According to functional MRI scanners, love isn’t an emotion it is activation of the reward center (it’s all about the forebrain, baby). And new love (the first 7 months to be precise) produces a similar chemical response to opioids.
I suppose it’s not a surprise, after all poets and song writers have described the euphoria and obsession of love for centuries. Throw can’t sleep, can’t eat, can’t think straight into the mix and I could be describing someone in love or someone addicted to narcotics. In fact, new love is so like an opiate that it reduces moderate pain in an experimental setting by 44%. By 7 months other parts of the brain make more contributions to the love experience. Reward centers are still involved, but it’s less druggy. I guess one could say one regains a little more control of one’s faculties.
Knowing that early love is like a drug helps to explain a lot of early relationship mistakes. Everything is Awesome! Wonderful! Amazing! It’s easy to do something that seems like a good idea, say move in or start to make long term plans, when life seems so grand. Shit, everything seems so great, even volunteering for a study where they put really hot things on your skin to see how effective love is at reducing thermal pain (one of the investigators told me it was the easiest study he ever recruited for!). The point is, if the bloom comes off the rose and you’ve made commitments, you could easily end up waking up next to someone at 5 months and wonder, ‘What the fuck have I done?”
I’m the first to admit this valuable piece of information could have served me well. If I’d have known I could be high for up to 7 months, I would never have agreed to move in with my now ex-husband before that critical juncture. Unfortunately, once the sofa was arranged and my dopamine depleted (i.e. things started to not seem so lovely), I assumed the relationship could be fixed because it had been “so good,” when really I should have said, “Well, that was fun and it’s a bitch we moved in, but I wasn’t in my right mind.”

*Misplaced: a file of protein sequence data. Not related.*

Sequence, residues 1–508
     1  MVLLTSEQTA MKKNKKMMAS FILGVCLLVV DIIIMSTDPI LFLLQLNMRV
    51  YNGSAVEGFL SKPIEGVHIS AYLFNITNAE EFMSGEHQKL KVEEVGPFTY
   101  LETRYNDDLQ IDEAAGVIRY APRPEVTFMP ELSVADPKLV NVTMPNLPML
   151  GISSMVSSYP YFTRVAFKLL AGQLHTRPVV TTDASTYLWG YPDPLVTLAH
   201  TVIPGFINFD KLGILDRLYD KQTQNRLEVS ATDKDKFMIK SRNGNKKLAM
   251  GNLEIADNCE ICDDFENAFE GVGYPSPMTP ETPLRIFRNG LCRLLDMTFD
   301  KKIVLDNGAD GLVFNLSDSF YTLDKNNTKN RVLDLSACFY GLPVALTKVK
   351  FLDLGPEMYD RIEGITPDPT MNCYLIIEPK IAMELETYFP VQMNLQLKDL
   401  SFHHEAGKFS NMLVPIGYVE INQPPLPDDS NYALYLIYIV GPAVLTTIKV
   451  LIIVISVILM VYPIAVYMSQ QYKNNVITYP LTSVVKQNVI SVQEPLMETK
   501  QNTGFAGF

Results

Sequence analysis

How do researchers find people in love? I mean, lots of people say they’re in love, but their actions say otherwise. Well, there is a validated scale that I am pleased to announce I discovered during my late night skulking on PubMed: the Passionate Love Scale (PLS).
At first blush I admit it sounds a tad Dr. Phil-ish or like a quiz one might find in the back of Teen Cosmo. The 15-question short version of the PLS (yes, there is a 30-question long version) was first reported by Hatfield & Sprecher in 1986 in, ahem, the Journal of Adolescence. Although the PLS is not just a puppy love scale, as it has also been validated in adult populations. It is also the scale used in these neurophysiology of love studies.
The PLS can be used for shorter-term love (less than 7 months) and is also valid for people who say they are still in love after a few years (confirmed by MRI, of course). The score drops a little over time, but not that much. Something to think about before you haul a couch up 3 flights of stairs.
Here’s Hatfield & Sprecher’s Passion Love Scale in case you are interested. Answer the questions thinking about your partner and score yourself for each question on a scale of 1-9 (9 being the most and 1 being the least), add them up and then check your passion.
And if you care to log your results in my handy quiz master, it would be most appreciated. Don’t worry, it’s completely anonymous. I’m just genuinely curious.
What do you think? Does the Passion Love Scale seem valid to you?